For me, it always starts with the idea.  How do I get my ideas?  They come to me in random moments when I'm daydreaming.  That's right, the same thing I used to get demerits for in elementary school is now the basis of my process.  I walk my dogs for between 30-45 minutes each day, and that gives me time to think.  Ideas pop into my head and I'll play around with them.  Sometimes they yield an interesting storyline that I can work with, and sometimes they don't.  However, without the daydreaming, the ideas never arrive, so that part is essential.

Once I have an idea that I think will work for a novel, like the one I'm about to start(no title yet - more on that later), I start an outline.  Outline...that makes it sound a lot more organized than it really is.  I have a spiral notebook that I'll start a kind of a chronological brainstorm, envisioning a story and jotting down key points.  Some parts of the outline are incredibly detailed, especially if there's a scene or bit of dialogue that I just know is brilliant.  Some parts are vague since most of my writing is spontaneous and all I need is a guide.

I never go more than a few chapters into the future with the guide.  Why?  Because a story will change and evolve a lot more than I ever expected when I started more than a decade ago, and anything more than 40 pages in the future is usually useless(this is not to say I don't know where a story is going, but even if I know the beginning and end of a story, I rarely know how to get from A to B...that's part of the fun).

Once I have enough outline to go off of, I write.  Yes, it's really that simple.  I sit down, usually with a goal of one to three pages a day, and I hammer away(I'd love to write more - 10-15 pages a day, but I have a job that frowns on writing full time when there are other demands).  It's all free flowing at this point, with little real editing.  I just want to get the story out, and the biggest problem at this point is my own patience in crafting what I have to say.  This part will take one to three weeks, then I'll outline again before returning to the story.

I'll talk later about the leviathan of getting a story under control(much like a patch of weeds, it'll grow out of control and forever if I let it...stories over 100,000 words rarely see the light of day and are perceived by most people as incoherent rambling).  However, once I get near the end, I use the outline less and less.  After all, I know where it's headed now and the outline does me less good unless there is a specific piece I want to throw in.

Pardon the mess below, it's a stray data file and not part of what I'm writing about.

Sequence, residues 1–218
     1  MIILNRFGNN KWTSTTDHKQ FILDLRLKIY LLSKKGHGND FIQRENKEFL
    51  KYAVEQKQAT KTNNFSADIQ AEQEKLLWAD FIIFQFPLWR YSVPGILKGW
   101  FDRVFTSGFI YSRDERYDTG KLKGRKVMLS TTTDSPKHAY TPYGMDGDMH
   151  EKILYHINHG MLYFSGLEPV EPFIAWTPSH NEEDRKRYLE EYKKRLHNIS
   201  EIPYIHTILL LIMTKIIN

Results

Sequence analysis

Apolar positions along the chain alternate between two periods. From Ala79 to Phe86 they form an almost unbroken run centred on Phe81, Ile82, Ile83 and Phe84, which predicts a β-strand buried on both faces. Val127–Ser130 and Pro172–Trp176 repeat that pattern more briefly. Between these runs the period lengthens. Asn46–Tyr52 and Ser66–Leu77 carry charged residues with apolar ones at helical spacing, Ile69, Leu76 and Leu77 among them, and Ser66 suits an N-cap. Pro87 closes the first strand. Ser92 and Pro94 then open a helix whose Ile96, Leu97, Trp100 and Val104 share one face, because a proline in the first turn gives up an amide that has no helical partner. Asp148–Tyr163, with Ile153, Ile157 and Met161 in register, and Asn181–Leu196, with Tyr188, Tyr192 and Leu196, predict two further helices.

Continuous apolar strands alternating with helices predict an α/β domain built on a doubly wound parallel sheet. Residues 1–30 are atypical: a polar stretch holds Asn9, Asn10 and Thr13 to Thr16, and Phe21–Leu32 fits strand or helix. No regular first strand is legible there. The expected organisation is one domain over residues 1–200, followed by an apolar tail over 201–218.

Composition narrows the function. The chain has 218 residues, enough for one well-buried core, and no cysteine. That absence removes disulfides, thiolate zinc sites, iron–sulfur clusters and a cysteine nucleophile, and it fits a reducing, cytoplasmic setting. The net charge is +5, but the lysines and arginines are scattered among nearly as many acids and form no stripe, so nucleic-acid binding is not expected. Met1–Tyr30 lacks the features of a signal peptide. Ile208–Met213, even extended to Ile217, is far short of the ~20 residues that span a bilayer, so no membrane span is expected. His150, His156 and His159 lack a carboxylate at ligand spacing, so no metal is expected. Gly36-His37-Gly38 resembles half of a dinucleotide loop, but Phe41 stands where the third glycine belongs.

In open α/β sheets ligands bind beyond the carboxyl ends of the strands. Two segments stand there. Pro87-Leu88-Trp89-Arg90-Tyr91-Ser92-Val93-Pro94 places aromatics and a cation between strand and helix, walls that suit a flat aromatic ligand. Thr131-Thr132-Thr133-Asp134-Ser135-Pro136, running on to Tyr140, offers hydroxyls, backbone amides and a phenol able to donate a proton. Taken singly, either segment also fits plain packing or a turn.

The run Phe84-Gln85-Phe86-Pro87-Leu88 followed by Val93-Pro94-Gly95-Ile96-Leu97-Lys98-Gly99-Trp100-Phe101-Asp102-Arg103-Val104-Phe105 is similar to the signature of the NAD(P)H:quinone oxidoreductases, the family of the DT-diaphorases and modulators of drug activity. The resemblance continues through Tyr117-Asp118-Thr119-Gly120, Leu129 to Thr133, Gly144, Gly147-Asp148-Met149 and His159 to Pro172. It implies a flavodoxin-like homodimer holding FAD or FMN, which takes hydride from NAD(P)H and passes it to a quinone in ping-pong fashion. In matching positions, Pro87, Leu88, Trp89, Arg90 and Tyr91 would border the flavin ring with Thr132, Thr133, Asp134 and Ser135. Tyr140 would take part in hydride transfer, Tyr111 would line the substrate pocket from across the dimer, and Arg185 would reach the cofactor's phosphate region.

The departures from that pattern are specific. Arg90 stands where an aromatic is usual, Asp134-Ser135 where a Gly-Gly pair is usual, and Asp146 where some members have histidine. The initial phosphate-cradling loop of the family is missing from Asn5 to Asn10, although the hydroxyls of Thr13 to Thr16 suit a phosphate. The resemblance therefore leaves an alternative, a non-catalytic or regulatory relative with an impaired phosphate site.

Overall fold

After the book is done, I try to set it aside and not look at it for a while.  It's still too fresh and too dear to my heart to allow for proper editing.  Getting people to read it is the next part, but, as The Neverending Story said, "That's...another story."

Friday, December 23, 2011

An Aspiring Author's First Intrepid Step...

My name is Russ Meyer, and I'm a writer.  Please note that I didn't say I'm an author, because I believe that an author's books collect dust on a library or bookstore shelf somewhere.  One day I'll be found on Amazon or in a Barnes & Noble(assuming those still exist), but as my crystal ball is in the shop, I don't yet have a read on exactly when that'll be.

I call myself a writer because, well...I write.  I have an untold number of stories locked up in my head, and they come spilling out when the mood suits me(which is pretty often).  There is no specific genre I gravitate towards unless someone invents a category called "weird stuff."  I've written science fiction, horror, paranormal, military, political, and probably a host of other categories that I'm leaving out.

There are currently three books in my repertoire:
1.  On Freedom's Wings
2.  Salvation Day
3.  Akeldama

I wrote the first one over 12 years ago and it shows.  The lack of depth and obvious life experience make it in need of a serious re-write before it'll ever be ready.  However, Salvation Day was the first novel I've submitted to literary agents, so far without success.  Akeldama will be submitted following the New Year, and it'll probably be the first one that gets any real attention.  I promise that I'll provide a more in-depth look at each one in the coming weeks.

This blog will be dedicated to writing and will be updated three times a week - Sunday night, Tuesday night, and Thursday night so that it'll be available first thing Monday, Wednesday, and Friday mornings for the masses(both of you).  Politics, sports, medicine, and voo-doo witchcraft will have to stay elsewhere, mostly because I don't want to drive off potential readers, agents, or publishers, and I know that those topics would be sure to divide any audience I might preach to.

Please enjoy the ramblings of a man who enjoys telling stories, whether anyone else listens to them or not.  It is my fervent wish that someone will one day take pride in telling people, "I was the first one to read RD Meyer's work."